Michigan Law welcomes Class of 2023 for socially-distant semester

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By Chelsea Liddy Pivtorak
Michigan Law

Following a non-traditional admissions cycle that was disrupted by the pandemic, 310 members of the Class of 2023 recently began their 1L year at Michigan Law. “Having spent this past summer counseling many about their decision to plunge into the unknown of our pandemic law school experience, I think that their choice speaks volumes about their considerable strength of spirit and resilience,” said Sarah Zearfoss, senior assistant dean for admissions. “We have ourselves a bunch of winners.”

For the fourth year in a row, the incoming class has a median LSAT score of 169, the highest in the Law School’s history, and the median undergraduate GPA of 3.77 is the third-highest ever (tied with the Class of 2021). Members of the class studied 60 different undergraduate majors, with 10 or more students coming from political science, economics, philosophy, history, international studies, English, and public policy. STEM majors account for more than one-fifth of the class.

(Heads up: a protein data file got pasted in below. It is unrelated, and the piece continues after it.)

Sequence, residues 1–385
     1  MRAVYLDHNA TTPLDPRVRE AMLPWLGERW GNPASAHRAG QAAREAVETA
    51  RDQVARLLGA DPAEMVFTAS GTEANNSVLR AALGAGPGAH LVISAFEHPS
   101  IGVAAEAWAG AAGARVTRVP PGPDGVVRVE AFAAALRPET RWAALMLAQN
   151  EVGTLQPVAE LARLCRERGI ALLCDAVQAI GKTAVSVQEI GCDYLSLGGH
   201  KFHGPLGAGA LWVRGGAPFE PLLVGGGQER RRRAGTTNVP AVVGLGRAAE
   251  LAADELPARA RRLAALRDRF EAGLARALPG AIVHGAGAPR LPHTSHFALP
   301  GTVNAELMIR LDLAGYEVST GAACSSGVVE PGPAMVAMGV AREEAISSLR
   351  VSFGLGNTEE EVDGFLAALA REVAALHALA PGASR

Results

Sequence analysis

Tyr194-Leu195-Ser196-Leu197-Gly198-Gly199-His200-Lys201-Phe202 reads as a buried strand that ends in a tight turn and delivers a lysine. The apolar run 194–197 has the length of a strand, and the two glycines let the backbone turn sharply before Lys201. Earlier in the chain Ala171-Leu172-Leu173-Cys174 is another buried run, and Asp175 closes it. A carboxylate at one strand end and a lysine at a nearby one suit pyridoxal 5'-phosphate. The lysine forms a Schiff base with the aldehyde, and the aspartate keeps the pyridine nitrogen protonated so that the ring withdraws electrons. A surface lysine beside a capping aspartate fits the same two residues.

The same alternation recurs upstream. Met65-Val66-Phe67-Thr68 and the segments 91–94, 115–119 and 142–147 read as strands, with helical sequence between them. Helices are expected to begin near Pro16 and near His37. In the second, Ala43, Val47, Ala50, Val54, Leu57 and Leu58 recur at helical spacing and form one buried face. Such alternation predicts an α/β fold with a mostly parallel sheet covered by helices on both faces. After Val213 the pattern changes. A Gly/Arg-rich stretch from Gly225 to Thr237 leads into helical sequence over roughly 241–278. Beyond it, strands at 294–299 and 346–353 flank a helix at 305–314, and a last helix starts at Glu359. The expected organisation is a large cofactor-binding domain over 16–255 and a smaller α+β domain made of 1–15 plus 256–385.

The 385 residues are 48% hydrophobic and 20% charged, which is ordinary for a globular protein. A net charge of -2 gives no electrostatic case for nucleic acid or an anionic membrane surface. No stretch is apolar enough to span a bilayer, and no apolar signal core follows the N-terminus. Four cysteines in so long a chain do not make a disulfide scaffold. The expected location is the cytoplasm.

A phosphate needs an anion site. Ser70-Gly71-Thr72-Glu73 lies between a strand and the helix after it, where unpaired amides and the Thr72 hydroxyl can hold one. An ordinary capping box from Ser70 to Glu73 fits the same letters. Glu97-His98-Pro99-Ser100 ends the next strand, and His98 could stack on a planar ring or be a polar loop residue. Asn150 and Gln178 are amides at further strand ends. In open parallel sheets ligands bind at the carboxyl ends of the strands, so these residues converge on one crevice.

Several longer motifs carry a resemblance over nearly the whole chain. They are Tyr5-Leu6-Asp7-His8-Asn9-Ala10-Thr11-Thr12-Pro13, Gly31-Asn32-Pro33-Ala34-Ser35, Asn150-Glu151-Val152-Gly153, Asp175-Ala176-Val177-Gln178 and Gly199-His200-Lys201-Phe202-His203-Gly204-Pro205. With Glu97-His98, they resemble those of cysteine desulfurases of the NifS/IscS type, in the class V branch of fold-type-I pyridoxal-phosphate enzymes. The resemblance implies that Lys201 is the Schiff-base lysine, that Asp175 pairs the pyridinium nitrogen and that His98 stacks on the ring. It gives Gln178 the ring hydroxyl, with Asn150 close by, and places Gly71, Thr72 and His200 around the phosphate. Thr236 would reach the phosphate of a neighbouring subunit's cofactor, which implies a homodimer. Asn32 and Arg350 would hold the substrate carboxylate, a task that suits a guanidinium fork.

The Class of 2023 is the most racially diverse in the school’s history, with 36 percent of incoming students identifying as people of color. Twelve percent of incoming students identify as LGBTQ+, 10 percent report a history of significant socioeconomic disadvantage, and nine percent report that they are in the first generation of their family to receive a college degree. This year’s 1Ls are also geographically diverse: Michigan residents make up 21 percent of the class, with the rest coming from 44 other states, Washington, D.C., Guam, and 21 other countries. They attended 158 different undergraduate institutions—30 more schools than last year’s incoming class.

Students, faculty, and staff are navigating a semester unlike any other at Michigan Law, and the pandemic has required substantial changes to normal Law School operations. Some classes, including Criminal Law with Professor Barb McQuade and Torts with Professor Sherman Clark, have a combination of virtual and in-person instruction for those who choose to attend in the Quad, while other courses are entirely virtual. Social distancing restrictions are in place throughout campus, with significantly reduced capacities for the Reading Room, the Law Library, every classroom and academic space, and all public areas.

Despite the changes, there remains a determination to make this academic year as challenging and engaging as any other year. “I have witnessed so much hard work this summer from all corners of the Law School—a breathtaking amount,” said Zearfoss. “I know there is a great deal of hard work yet to come over the next few months, but I feel full of pride to be part of this community.”





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